US 7887007 B2
A high-altitude long-endurance airship with a top surface that is highly emissive of infrared radiation and a bottom surface that is highly absorptive of infrared radiation. Movable displacer blankets inside the airship separate the upper and lower portions of the airship. Lifting gas in the airship is warmed by radiation from the earth when the displacer blankets are in their upper position. Lifting gas is cooled by radiation to space when the displacer blankets are in their lower position. The whole airship is a heat engine. By expanding the volume of lifting gas when it is relatively warm and compressing the lifting gas when it is relatively cold, net power output can be recovered in the form of electric power. The overall configuration of the preferred airship is a variable-thickness flying wing. If the whole airship is alternately expanded and compressed, imbalance between its weight and buoyancy allow gliding flight.
1. In a pressure airship containing a lifting gas, an improvement comprising:
a flexible envelope;
a top outer surface of said flexible envelope that is highly emissive of infrared radiation;
a bottom outer surface of said flexible envelope that is highly absorptive of infrared radiation;
means for varying the volume displaced by said airship;
displacer blanket means disposed inside said flexible envelope; and
means for moving said displacer blanket means between a position near the top inner surface of said flexible envelope and a position near the bottom inner surface of said flexible envelope.
2. The airship of
3. The airship of
4. The airship of
an upper membrane,
a layer of air, and
a lower membrane
and wherein said layer of air is confined between said upper membrane and said lower membrane.
5. The displacer blanket means of
6. A method of operating an airship of
(1) with the volume of the airship in expanded condition and with said displacer blanket at a location near the bottom of said airship, permitting said lifting gas inside said airship to cool;
(2) reducing the volume displaced by said airship;
(3) raising said displacer blanket means to a location near the top of said airship;
(4) permitting said lifting gas inside said airship to warm;
(5) permitting the volume displaced by said airship to expand;
(6) lowering said displacer blanket means to a location near the bottom of said airship; and
(7) repeating steps (1) through (6).
7. The method of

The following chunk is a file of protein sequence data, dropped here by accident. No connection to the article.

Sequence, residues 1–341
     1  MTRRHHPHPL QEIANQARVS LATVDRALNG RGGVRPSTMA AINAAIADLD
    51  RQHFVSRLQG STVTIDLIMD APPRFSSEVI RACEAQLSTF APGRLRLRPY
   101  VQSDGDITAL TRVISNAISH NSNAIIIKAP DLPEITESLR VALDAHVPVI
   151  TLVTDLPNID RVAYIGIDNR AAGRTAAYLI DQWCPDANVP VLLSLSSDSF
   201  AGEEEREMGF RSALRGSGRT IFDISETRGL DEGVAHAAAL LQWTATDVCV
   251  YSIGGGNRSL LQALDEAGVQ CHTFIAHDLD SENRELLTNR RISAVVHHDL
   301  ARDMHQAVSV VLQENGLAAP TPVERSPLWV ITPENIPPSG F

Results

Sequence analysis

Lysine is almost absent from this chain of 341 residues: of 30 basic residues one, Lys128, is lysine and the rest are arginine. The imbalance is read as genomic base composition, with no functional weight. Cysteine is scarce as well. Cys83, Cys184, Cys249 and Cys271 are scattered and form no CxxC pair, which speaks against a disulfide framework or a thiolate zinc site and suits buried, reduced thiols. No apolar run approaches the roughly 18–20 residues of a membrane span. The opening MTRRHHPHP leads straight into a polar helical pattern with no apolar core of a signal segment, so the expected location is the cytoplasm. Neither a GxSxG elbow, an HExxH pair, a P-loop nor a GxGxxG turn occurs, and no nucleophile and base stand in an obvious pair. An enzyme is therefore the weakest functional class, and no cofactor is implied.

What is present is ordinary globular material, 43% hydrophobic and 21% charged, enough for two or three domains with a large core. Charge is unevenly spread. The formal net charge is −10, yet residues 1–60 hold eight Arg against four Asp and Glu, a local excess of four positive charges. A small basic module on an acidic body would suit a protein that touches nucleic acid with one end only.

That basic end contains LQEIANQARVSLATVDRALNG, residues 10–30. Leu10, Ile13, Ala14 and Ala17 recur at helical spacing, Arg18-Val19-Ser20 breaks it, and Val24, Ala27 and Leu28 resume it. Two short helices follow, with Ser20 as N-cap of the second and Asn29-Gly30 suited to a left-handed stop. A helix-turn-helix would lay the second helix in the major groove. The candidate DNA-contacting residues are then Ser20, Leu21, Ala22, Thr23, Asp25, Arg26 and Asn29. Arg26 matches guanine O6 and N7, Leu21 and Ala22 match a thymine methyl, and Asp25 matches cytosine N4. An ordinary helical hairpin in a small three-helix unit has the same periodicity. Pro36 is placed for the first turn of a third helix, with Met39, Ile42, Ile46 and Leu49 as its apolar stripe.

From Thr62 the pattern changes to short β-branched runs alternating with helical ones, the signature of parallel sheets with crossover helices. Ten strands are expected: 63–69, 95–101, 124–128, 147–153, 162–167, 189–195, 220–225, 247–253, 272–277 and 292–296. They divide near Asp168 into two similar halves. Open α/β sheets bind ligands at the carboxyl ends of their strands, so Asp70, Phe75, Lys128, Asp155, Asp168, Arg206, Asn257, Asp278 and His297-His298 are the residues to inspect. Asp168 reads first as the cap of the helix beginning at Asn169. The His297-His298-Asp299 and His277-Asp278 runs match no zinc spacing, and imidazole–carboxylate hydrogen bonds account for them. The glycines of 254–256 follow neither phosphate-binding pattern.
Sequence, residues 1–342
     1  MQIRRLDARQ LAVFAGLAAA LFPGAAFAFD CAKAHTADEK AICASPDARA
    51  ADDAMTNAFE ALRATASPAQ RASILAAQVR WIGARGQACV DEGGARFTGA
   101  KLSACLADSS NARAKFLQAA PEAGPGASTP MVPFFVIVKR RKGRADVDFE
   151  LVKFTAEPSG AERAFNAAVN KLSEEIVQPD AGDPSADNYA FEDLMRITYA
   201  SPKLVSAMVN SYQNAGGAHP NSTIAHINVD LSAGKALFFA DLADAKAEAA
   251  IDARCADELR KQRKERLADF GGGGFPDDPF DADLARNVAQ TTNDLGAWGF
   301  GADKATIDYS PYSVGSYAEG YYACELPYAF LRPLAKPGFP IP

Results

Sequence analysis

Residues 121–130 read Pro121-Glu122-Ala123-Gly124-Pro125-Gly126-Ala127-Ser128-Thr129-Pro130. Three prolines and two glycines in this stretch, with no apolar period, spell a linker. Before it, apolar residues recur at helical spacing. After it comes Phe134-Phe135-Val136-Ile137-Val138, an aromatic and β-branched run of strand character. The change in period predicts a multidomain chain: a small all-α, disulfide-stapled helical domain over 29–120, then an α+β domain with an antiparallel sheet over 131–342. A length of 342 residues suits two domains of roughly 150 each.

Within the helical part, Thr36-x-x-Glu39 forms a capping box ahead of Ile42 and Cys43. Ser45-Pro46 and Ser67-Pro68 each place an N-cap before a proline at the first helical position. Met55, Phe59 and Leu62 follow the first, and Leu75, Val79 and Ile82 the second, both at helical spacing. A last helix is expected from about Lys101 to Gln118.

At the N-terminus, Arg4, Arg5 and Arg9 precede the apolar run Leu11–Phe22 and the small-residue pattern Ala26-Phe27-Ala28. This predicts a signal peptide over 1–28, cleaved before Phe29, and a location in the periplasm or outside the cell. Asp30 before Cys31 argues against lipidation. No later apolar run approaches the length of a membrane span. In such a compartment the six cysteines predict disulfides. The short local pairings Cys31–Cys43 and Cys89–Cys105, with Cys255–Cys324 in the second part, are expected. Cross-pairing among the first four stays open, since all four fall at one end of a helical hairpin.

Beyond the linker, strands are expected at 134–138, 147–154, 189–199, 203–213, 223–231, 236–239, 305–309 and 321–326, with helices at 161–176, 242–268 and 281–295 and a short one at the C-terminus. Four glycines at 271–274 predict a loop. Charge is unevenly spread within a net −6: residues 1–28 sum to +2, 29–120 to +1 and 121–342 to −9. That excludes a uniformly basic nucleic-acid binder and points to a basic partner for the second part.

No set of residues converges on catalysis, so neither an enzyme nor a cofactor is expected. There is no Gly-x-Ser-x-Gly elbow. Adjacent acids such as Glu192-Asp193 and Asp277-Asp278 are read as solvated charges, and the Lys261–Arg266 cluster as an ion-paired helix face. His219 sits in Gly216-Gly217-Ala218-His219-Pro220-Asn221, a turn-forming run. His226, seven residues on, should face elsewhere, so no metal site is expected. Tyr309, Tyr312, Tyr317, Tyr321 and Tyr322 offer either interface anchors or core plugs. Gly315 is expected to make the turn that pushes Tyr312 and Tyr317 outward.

8. The method of
9. The method of
10. In a pressure airship, an improvement comprising
a plurality of flexible envelopes attached to one another;
means for separately varying the volumes displaced by said flexible envelopes;
displacer blanket means disposed inside said flexible envelopes; and
means for moving said displacer blanket means between positions near the top inner surfaces of said flexible envelopes and positions near the bottom inner surfaces of said flexible envelopes
each of said flexible envelopes contains a separate quantity of lifting gas;
the top outer surface of at least one of said flexible envelopes is highly emissive of infrared radiation; and
the bottom outer surface of at least one of said flexible envelopes is highly absorptive of infrared radiation.
11. The airship of
12. A method of operating an airship of
(1) with the volume of a flexible envelope in expanded condition and with a displacer blanket in the bottom of said flexible envelope, permitting the lifting gas inside said flexible envelope to cool;
(2) reducing the volume displaced by said envelope;
(3) raising said displacer blanket to the top of said envelope;
(4) permitting the lifting gas inside said envelope to warm;
(5) permitting the volume displaced by said envelope to expand;
(6) lowering said displacer blanket to the bottom of the envelope; and
(7) repeating steps (1) through (6).
13. The method of
14. The method of
15. The method of
1. Field of Invention
This invention relates to airships intended to be stationed at high altitudes for extended periods of time.
2. Prior Art
High-altitude, long-endurance airships have been proposed as alternatives to satellites as less expensive platforms for surveillance and communications applications. Charged with a lifting gas such as hydrogen or helium, an airship can rise high above the earth, providing a wide area of coverage. Typical altitudes are above the tropopause, at altitudes of the order of 20-22 km above the earth, and above cloud cover. Automatic control systems linked to global positioning satellites allow uninhabited operation.
A major challenge is to keep an airship more or less over the same spot on earth. Absent some means of propulsion, winds aloft would otherwise cause the airship to drift from its intended location. To maintain its station, the airship must constantly fly into the wind at wind velocity.
During daylight hours, the airship has access to solar power. That power can be captured by solar cells and used to drive propellers with electric motors to propel the airship. However, powering the airship at night presents a serious problem.
Various schemes have been proposed for storing solar energy generated during daylight hours for use at night. They include such energy-storage devices as batteries and regenerative fuel cells. However, the buoyancy of an airship is limited by the weight of the air it displaces. At proposed operating altitudes, the air density is low and most of the lifting capacity of the airship is used in supporting the weight of airship itself. No energy storage system yet devised is light enough to store all the power needed for station-keeping at night.
This invention solves the problem of propelling an airship at night with a system and apparatus for capture and use of energy radiated from the earth. The energy-capturing system is integrated into the overall airship design. The system is based on the realization that an airship floating above the tropopause at night has access to passive cooling by radiation to space. The airship is also subject to heating by energy radiated from the earth below. The airship of this invention uses the energy radiated from the earth to generate propulsive power. The enabling conditions at altitudes of interest include: A heat source (infrared radiation from earth); a heat sink (outer space); low air pressure; lower average wind speeds than at lower and higher altitudes; high Reynolds numbers (due to the large dimensions of the airship); and high thermal conductivity of the lifting gas relative to thermal conductivity of air.